Special Milk to be enjoyed with a couple of Jalebis at Masoorie Sweet Shop


There is apparently a lot going on in Mussoorie and a lot to choose from. The itinerary for the second day had included a visit to Kempty Fall, about fifteen kilometres from Library. I was however not very comfortable and had misgivings about being able to return before four in the afternoon (a crucial time since the entry of vehicles into the Mall Road is not allowed after four) and instead suggested a visit to Bhatta Fall. Things were to happen just like I wanted. We exited from the Cinema Hall side and ran into the typical rush of vehicles coming from Dehradoon. Looking at the rush, we took a u-turn and instead decided to visit Bhatta Fall, a decision we did not regret since Bhatta Fall is relatively less crowded. Bhatta Fall is a wonderful place for families to spend together without the hustle and bustle of people jostling for a place in a pool that gets cramped as time passes.



One of the many water falls at Bhatta


Started in 1918 Lovely Omelettes is a must visit for the gastronomist specialising in varieties. Friday, Saturday and Sunday are important days for students, because students are served a variety of omelettes irrespective of whether they have money or not! There is always a huge crowd of people waiting for a chance to sit inside the cramped but cosy little shop for a chance to bite into the omelettes. We chose the Cheese Omelette, a large omelette with a cheese stuffing in the middle cut into neat little squares. The clientele include famous personalities, in fact we were told by the proprietor that the gentleman and family that had occupied the eatery just before us was an important minister in a state government.


Waiting for a chance to taste Lovely Omelettes



A time to get together on Mall Road



A fairy-tale waterfall at Bhatta Falls



A dip in the clear rills of the Bhatta Falls will revive youth in many!


Oops, look out, that guy on the top left corner is doing a stunt! The waters of the Bhatta Falls will make people do all sorts of stunts. Of course ensure that your cellphones are splash-proof, if not dust proof!




Day 3: Back to Gurgaon, checkout from hotel, collect vehicles from parking lot aim to leave by ten in the morning, target-avoid too many stops, drive continuously.

It was a short but eventful trip, and sure, exhaustion had certainly made its impact, especially because of the altitude and of course the steep slopes. A suggestion for those coming from he plains, 'Do not overdo it, take it easy on the first day acclimatise yourself.' We did start at a little before ten in the morning, but then took frequent stops, the first about fifteen kilometres from Mussoorie to take photographs of the whole gang but then just when had become warmed up and ready for our special poses, a group of Langurs turned up. A few of us were able to shut ourselves in our cars, but then the three elderly ladies were not fast enough. One of us entered the car that was attracting the attention of the Langurs, and drove off only to turn back and pick up the others when the  Langurs had lost interest. The next pit stop was to buy chewing gum since the girls were feeling a little discomforted by the twists and turns on the hairpin curves. Pit stops such as these are a necessity especially when you have small children and elderly people with you. We finally reached Ghaziabad at six in the evening. I finally decided to take a break at my brother in laws place in Ghaziabad itself and decided to continue on the 57 kilometre journey to Gurgaon the next morning at six.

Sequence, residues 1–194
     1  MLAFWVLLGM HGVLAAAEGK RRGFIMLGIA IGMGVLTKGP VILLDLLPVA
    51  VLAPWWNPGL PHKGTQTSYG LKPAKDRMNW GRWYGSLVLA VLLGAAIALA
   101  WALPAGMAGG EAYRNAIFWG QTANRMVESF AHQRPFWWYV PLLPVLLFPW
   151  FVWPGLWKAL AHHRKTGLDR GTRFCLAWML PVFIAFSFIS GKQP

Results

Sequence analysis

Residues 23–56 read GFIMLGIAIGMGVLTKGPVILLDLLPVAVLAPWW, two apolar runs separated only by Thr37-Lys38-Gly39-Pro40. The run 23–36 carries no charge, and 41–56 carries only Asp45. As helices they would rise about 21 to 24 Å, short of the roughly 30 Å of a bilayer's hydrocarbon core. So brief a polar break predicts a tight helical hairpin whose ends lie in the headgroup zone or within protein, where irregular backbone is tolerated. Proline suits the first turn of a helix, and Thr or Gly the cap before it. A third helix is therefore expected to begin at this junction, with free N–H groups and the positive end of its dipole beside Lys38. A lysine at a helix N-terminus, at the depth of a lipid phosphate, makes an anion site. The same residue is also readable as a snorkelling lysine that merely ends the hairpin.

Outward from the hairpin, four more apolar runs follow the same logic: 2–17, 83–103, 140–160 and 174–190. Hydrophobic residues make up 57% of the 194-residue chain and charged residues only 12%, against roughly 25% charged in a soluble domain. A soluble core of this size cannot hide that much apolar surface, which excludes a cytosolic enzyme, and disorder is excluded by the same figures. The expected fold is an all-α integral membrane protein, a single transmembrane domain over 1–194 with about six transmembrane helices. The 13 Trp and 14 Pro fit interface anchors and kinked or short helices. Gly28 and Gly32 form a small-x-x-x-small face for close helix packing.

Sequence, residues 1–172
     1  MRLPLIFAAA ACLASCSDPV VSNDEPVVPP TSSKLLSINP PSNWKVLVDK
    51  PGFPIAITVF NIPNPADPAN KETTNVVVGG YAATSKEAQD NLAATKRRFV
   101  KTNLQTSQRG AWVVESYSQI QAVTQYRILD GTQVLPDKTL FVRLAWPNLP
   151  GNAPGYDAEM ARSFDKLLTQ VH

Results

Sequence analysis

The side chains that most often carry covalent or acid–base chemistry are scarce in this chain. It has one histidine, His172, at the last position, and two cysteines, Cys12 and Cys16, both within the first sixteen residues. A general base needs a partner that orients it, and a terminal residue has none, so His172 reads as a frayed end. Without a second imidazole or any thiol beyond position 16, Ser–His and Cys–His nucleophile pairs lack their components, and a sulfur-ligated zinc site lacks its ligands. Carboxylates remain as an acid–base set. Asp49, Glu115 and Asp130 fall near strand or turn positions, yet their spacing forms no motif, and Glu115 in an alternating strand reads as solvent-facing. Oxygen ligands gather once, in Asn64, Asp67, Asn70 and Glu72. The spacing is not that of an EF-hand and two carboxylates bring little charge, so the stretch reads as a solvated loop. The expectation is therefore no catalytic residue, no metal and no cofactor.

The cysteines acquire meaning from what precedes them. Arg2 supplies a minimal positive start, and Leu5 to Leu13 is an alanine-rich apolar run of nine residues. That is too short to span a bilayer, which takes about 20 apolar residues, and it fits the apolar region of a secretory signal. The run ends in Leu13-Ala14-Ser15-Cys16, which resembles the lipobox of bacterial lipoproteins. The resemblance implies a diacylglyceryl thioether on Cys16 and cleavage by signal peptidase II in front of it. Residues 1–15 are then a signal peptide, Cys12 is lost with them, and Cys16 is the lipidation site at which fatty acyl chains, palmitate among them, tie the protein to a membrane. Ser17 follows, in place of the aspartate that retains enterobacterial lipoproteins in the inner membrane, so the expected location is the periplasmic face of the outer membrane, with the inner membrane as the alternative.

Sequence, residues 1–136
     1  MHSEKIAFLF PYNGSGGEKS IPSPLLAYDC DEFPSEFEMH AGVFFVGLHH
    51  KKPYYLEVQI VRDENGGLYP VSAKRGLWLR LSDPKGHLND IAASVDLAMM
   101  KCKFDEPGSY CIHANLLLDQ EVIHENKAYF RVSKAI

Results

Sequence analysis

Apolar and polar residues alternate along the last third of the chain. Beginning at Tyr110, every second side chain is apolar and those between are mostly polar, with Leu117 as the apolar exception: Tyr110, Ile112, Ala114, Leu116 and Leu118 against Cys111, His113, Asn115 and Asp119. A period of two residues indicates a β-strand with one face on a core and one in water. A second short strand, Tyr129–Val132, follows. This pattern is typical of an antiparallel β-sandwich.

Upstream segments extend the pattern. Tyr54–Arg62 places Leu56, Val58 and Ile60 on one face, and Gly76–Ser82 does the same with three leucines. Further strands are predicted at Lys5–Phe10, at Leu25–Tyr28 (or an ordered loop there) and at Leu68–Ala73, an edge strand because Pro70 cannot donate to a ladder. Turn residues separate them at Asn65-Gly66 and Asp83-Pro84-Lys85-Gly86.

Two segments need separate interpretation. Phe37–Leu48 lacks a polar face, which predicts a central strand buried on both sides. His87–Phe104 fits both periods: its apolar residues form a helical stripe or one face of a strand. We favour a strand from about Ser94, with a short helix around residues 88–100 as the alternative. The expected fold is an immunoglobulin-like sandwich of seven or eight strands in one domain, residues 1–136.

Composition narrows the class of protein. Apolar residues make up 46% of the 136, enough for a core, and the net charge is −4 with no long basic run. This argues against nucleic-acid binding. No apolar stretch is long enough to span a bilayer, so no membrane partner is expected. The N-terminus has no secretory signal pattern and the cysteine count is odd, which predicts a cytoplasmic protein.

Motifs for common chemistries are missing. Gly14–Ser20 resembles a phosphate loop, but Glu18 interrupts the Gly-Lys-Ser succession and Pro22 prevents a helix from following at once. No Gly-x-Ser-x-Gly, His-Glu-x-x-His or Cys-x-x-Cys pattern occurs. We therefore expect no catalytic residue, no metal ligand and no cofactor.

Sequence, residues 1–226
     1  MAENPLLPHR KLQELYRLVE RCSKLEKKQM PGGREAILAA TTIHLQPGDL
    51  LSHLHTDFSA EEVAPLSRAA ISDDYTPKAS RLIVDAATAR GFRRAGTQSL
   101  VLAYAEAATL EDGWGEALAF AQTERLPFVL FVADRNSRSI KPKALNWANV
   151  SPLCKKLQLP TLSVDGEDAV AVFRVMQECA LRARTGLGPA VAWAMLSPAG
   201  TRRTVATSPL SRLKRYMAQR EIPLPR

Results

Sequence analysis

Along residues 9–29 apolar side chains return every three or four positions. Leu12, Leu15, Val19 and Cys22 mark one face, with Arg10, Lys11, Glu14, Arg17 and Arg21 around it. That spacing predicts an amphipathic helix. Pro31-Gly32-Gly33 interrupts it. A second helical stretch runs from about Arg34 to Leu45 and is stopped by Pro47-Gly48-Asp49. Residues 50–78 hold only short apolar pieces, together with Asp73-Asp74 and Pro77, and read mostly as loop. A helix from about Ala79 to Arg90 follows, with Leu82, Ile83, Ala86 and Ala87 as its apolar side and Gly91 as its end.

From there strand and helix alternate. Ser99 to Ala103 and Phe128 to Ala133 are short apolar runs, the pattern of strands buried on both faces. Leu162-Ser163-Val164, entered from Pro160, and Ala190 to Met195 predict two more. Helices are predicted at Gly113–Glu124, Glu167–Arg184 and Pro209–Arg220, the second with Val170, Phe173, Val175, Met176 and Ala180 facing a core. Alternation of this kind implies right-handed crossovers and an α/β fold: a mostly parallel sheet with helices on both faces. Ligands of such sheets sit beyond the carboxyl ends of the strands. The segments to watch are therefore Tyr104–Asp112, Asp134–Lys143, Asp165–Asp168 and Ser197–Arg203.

A group snap on the way back 



You need to watch out for the Langoors that are found in abundance on the way. Please be careful, and don't leave your doors and windows open, or else, they will run away with your food! Don't tell me, I did not warn you.

Friday, 7 October 2016

Dragonflies, a Grasshopper and a Kestrel

The greatest thrill about taking up photography as a hobby lies in being able to capture things one does not see in everyday life. Added to all this is that once you have taken your snaps, you can sit back and re-live the moment! Without saying more, allow me to present before you some of the photographs that I enjoy re-visting from time to time. Do have a look at them and leave a comment in the comment section!








Just hope the viewer enjoyed looking at these snaps. Each of the snaps tells a story, a story about how precious nature is and the need to preserve wildlife because it is priceless. All of these snaps were taken at the Sultanpur Bird Sancutuary close to Gurgaon. When I visited the bird sanctuary today along with my brothers, I was disappointed to see that we were the only visitors at the park. Moreover, there were fewer birds this time. I guess something must have happened to drive them away. Development, construction of residential buildings, a competition between different species, Asian Antelopes competing with Cattle, local varieties vying for space with migratory birds, shrinking spaces, and perhaps even climate change are responsible for the disappearance of migratory birds at the Sultanpur Bird Sanctuary!



Kestrel about to feed on a Frog Photo by Rodrick Lal — National Geographic Your Shot

Kestrel about to feed on a Frog Photo by Rodrick Lal — National Geographic Your Shot: I was curious as to why this Kestrel was not ready to leave the branch of the tree when I approached it. Later when I took a closer look at the snap, I realised that there was a dead frog close to it. The Kestrel was guarding its meal, therefore it did not want to leave the branch. I took this snap today when I visited the Sultanpur Bird Sanctuary close to Gurgaon, Haryana. I used a 55-250 mm lens.

Thursday, 6 October 2016